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Welcome to the Desert of the Real!
The ultimate American paranoiac fantasy is that of an individual living in a small idyllic Californian city, a consumerist paradise, who suddenly starts to suspect that the world he lives in is a fake, a spectacle staged to convince him that he lives in a real world, while all the people around him are effectively actors and extras in a gigantic show. The most recent example of this is Peter Weir's The Truman Show (1998), with Jim Carrey playing the small-town clerk who gradually discovers the truth that he is the hero of a twenty-four-hour permanent TV show: his hometown is constructed on a gigantic studio set, with cameras following him around the clock. Among its predecessors, it is worth mentioning Philip Dick's Time Out of Joint (1959), in which a hero living a modest daily life in a small idyllic Californian city of the late 1950s gradually realizes that the whole town is a fake staged to keep him satisfied. The underlying experience of Time Out of Joint and of The Truman Show is that the late capitalist consumerist Californian paradise is, in its very hyper-reality, in a way irreal, substanceless, deprived of the material inertia.
So it is not only that Hollywood stages a [End Page 385] semblance of real life deprived of the weight and inertia of materiality—in the late capitalist consumerist society, "real social life" itself somehow acquires the features of a staged fake, with our neighbors behaving in "real" life as stage actors and extras. Again, the ultimate truth of the capitalist utilitarian despiritualized universe is the dematerialization of the "real life" itself, its reversal into a spectral show. Among others, Christopher Isherwood gave expression to this unreality of the American daily life, exemplified in the motel room: "American motels are unreal! . . . they are deliberately designed to be unreal. . . . The Europeans hate us because we've retired to live inside our advertisements, like hermits going into caves to contemplate." Peter Sloterdijk's notion of the "sphere" is here literally realized, as the gigantic metal sphere that envelopes and isolates the entire city. Years ago, a series of science-fiction films like Zardoz or Logan's Run forecasted today's postmodern predicament by extending this fantasy to the community itself: the isolated group living an aseptic life in a secluded area longs for the experience of the real world of material decay.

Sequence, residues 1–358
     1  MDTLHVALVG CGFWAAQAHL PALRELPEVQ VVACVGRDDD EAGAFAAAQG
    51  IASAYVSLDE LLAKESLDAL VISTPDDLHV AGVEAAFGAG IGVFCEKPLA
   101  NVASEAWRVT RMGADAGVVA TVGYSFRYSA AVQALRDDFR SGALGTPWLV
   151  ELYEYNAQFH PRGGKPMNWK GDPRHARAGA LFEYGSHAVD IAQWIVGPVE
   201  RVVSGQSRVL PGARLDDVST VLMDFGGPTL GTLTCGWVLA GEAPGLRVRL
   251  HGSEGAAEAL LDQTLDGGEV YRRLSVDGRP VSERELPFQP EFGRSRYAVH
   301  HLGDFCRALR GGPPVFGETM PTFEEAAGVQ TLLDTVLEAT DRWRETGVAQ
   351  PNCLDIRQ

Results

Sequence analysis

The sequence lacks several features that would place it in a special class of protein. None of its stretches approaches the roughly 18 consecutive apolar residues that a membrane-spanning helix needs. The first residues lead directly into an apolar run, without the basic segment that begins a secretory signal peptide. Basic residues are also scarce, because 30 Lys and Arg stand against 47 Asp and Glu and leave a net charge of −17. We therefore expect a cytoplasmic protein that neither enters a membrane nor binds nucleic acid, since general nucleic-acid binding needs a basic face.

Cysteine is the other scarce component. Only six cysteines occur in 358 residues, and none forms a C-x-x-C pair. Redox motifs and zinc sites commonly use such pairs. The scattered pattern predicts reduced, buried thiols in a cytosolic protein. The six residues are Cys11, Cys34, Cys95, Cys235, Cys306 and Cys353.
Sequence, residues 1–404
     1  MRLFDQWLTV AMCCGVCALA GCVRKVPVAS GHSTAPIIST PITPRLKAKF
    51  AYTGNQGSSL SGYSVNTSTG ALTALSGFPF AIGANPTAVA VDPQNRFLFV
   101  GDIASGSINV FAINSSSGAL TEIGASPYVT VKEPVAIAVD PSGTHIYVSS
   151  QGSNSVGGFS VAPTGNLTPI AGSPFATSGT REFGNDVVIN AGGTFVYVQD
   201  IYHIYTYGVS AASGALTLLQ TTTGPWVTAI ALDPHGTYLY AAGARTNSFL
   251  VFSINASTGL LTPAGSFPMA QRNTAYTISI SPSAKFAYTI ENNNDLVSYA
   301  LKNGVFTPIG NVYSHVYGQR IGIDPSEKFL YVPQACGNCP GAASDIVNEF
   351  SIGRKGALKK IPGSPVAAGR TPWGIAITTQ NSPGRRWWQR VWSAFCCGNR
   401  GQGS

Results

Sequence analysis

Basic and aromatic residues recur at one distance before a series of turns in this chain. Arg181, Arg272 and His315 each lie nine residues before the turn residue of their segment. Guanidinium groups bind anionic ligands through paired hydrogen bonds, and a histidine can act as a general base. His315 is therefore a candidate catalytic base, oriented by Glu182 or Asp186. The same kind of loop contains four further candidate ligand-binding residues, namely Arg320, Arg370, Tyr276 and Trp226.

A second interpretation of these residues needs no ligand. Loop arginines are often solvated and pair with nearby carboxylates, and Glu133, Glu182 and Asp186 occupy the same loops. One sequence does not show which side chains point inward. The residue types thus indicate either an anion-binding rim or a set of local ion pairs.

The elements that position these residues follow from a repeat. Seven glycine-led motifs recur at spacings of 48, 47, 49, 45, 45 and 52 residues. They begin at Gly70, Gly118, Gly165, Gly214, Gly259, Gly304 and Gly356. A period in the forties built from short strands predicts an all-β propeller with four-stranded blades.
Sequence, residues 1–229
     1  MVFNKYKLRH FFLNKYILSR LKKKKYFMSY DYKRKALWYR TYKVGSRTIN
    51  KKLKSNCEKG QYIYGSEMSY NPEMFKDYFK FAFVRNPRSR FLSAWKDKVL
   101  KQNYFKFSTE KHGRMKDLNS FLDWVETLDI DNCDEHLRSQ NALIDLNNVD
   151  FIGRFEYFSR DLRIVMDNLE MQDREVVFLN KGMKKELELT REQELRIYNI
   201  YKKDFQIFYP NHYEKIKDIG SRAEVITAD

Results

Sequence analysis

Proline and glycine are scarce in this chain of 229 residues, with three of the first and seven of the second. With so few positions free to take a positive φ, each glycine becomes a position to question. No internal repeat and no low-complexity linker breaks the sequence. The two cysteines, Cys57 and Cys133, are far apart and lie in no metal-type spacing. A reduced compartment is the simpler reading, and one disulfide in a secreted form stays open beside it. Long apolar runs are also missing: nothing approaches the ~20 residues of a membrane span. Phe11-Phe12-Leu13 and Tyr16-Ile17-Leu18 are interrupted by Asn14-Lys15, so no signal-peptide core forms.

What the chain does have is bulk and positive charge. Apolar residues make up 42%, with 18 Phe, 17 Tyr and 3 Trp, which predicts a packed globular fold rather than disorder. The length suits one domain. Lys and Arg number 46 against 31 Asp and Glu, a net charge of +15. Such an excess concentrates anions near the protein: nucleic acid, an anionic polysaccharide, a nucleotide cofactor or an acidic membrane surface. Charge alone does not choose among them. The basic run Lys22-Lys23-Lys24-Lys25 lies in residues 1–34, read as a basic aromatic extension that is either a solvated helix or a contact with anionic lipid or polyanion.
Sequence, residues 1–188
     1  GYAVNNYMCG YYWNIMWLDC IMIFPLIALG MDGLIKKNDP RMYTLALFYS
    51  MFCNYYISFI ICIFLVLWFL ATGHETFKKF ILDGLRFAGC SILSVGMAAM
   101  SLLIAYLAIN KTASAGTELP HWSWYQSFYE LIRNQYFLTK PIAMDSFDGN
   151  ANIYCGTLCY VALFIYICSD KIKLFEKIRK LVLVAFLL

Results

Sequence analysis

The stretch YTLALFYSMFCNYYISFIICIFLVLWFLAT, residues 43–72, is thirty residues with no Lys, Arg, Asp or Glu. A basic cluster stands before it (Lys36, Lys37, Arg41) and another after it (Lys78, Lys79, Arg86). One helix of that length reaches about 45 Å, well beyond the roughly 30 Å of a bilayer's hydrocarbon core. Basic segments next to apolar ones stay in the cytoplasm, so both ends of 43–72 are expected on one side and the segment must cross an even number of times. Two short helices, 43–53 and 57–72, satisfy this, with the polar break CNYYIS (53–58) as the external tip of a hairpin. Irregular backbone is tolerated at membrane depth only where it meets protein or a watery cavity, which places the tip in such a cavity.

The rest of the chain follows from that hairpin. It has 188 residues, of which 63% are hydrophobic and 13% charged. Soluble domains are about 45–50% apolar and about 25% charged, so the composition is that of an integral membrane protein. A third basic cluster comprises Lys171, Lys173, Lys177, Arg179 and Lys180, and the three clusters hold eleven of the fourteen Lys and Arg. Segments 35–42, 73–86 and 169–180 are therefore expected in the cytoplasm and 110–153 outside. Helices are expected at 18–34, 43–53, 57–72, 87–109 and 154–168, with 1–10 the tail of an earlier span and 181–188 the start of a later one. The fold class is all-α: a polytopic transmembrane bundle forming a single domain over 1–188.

The Wachowski brothers' hit Matrix (1999) brought this logic to its climax: the material reality we all experience and see around us is a virtual one, generated and coordinated by a gigantic megacomputer to which we are all attached; when the hero (played by Keanu Reeves) awakens into the "real reality," he sees a desolate landscape littered with burned ruins—what remained of Chicago after a global war. The resistance leader Morpheus utters the ironic greeting: "Welcome to the desert of the real." Was it not something of the similar order that took place in New York on September 11? Its citizens were introduced to the "desert of the real"—to us, corrupted by Hollywood, the landscape and the shots we saw of the collapsing towers could not but remind us of the most breathtaking scenes in the catastrophe big productions.
When we hear how the bombings were a totally unexpected shock, how the unimaginable Impossible happened, one should recall the other defining catastrophe from the beginning of the twentieth century, that of the Titanic: it was also a shock, but the space for it was already prepared in ideological fantasizing, since Titanic was the symbol of the might of the nineteenth-century industrial civilization. Does the same not hold for these bombings?
Not only were the media bombarding us all the time with the talk about the terrorist threat; this threat was also obviously libidinally invested—just [End Page 386] recall the series of movies from Escape from New York to Independence Day. The unthinkable that happened was thus...